miércoles, 9 de enero de 2013

The 3 Penny Opera

The 3 Penny Opera [Die Dreigroschenoper] (The Criterion Collection DVD, 2007)
Directed by G.W. Pabst
Germany, 1931
In German with optional English subtitles

With all of my beginning of the year filler pieces now out of the way and a flotilla of future mini-book and movie review posts now the only thing visible on the blogging horizon, I'm happy to embark upon the non-comment generating part of the year (i.e. the rest of 2013) with a few words dedicated to G.W. Pabst's eccentric early talkie and occasional musical The 3 Penny Opera.  I sure know how to pick the crowd-pleasers, eh?  Adapted from the 1928 Bertolt Brecht/Kurt Weill play of the same name that unexpectedly wowed Weimar theater-going audiences back in the day, the movie version of The 3 Penny Opera is a hugely entertaining audiovisual spectacle that zeros in on the criminal escapades of London dandy/thug/trollop fancier Mackie Messer (a/k/a Mack the Knife) as he, aided and abetted by his fetching young wife Polly Peachum and accompanied by Weill's cabaret soundtrack to his life, rises from being a common criminal to become a much more respectable sort of crook: the owner of a bank.  In Pabst's comedic retelling of Brecht's anti-capitalist "opera," there are a number of deliberate provocations that prefigure the subversive anti-bourgeoisie satire of vintage Buñuel.  In fact, I'd even go so far as to say that the film has a satirical mean streak in that regard.  A significant portion of the plot, for example, has to do with the ill will between Polly's parents and Mackie brought about by the latter's seduction of the Peachum family's tender young daughter.  Yet when we first meet Jonathan Jeremias Peachum, self-proclaimed as "the poorest man in London" but known as the beggar king for holding a monopoly on the issuing of panhandling licenses for which he leeches 50% of the weekly take off of all his clients, he silences a complaint about his extortionate licensing fees from one man by pointing to a Gospel quote from Luke painted on his wall: "Give, and though shalt be given."  Three mannequins in full dummy beggar attire and a number of prop crutches visually frame this mocking use of the biblical injunction.  Later in the film, while attempting to rally an army of the poor and the pseudo-poor to interrupt a public ceremony involving the Queen, the beggar king brags about how he will manage to "wring a few pence out of your poverty" by playing on the pity of the "rich noblemen" and--by extension--the viewing public at large: "For I've shown that the rich of this world have no qualms about causing misery but can't bear the sight of it!"  In spite of its message associating capitalism with criminality and widespread corruption at all levels of society, The 3 Penny Opera seems as dedicated to amusing its audience as provoking it.  It does this through snicker-worthy lowlife humor (Polly: "In Winchester you seduced two sisters, both of them minors."  Mackie: "They told me they were over 30."  Polly: "Both of them together."), and it also does it through the narrator-like street singer who sings songs about the characters while they stand in the audience listening to him and also introduces scenes by addressing the moviegoing audience to boot:  "Ladies and gentlemen," he begins in English at one point before breaking into German for what follows, "you've seen Mackie's bold and restless nature.  I'll now show you how, through a loving wife's cleverness, things take a turn that even you wouldn't expect."  The next scene, typical of all that's great about the film other than the cabaret music that I've barely even touched on, had me laughing out loud, and it's just too good to not share with you here.  Polly: "Gentlemen of the board...one can rob a  bank or one can..."  Interrupting her, a burglar turned board member: "Use a bank to rob others!"  Polly: "Tread the path of a respectable and law-abiding business...as my papa used to say to me.  'Polly,' he always said, 'Who'd be so stupid as to be a burglar these days when we've got laws?'"  Genius.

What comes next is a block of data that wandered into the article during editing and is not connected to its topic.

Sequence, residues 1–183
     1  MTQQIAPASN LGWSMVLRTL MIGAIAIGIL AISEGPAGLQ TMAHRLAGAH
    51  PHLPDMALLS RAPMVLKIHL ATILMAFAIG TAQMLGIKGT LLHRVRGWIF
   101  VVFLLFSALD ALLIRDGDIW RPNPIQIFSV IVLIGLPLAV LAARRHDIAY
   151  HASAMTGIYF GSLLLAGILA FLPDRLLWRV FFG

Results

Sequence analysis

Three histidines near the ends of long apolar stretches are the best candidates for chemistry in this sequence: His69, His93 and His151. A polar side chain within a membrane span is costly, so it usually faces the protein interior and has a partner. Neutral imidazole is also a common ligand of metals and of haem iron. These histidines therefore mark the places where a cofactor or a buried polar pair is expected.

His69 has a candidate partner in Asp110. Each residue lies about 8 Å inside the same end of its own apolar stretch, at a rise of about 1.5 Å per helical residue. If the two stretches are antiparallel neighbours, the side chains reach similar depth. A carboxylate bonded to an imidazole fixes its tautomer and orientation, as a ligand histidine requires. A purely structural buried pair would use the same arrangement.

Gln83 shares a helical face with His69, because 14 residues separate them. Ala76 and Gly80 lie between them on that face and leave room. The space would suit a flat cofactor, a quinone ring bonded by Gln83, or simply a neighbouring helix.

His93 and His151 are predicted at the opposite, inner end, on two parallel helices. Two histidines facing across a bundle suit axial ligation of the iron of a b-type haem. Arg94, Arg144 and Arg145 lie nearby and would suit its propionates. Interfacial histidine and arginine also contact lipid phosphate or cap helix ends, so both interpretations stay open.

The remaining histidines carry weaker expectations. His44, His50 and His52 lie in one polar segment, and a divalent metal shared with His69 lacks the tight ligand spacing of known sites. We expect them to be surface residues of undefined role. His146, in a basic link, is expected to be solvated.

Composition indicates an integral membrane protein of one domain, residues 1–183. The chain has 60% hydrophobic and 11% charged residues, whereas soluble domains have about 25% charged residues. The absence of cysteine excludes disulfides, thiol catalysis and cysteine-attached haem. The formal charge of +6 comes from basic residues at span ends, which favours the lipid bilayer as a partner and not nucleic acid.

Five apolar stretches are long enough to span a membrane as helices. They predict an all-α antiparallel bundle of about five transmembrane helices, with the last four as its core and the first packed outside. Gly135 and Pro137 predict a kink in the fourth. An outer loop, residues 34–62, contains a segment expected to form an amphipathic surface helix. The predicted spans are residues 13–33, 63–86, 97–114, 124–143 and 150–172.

Mackie (Rudolf Forster) and Polly (Carola Neher)

This post on The 3 Penny Opera is my first submission for this year's Caravana de recuerdos Film Festival and Beauty Is a Sleeping Cat's World Cinema Series 2013As I said in my intro post the other day, I hope others will consider contributing their own movie reviews to both events.  Until then, other great Pabst films I recommend include Diary of a Lost Girl [Tagebuch einer Verlorenen] and Pandora's Box [Die Büchse der Pandora], both from 1929.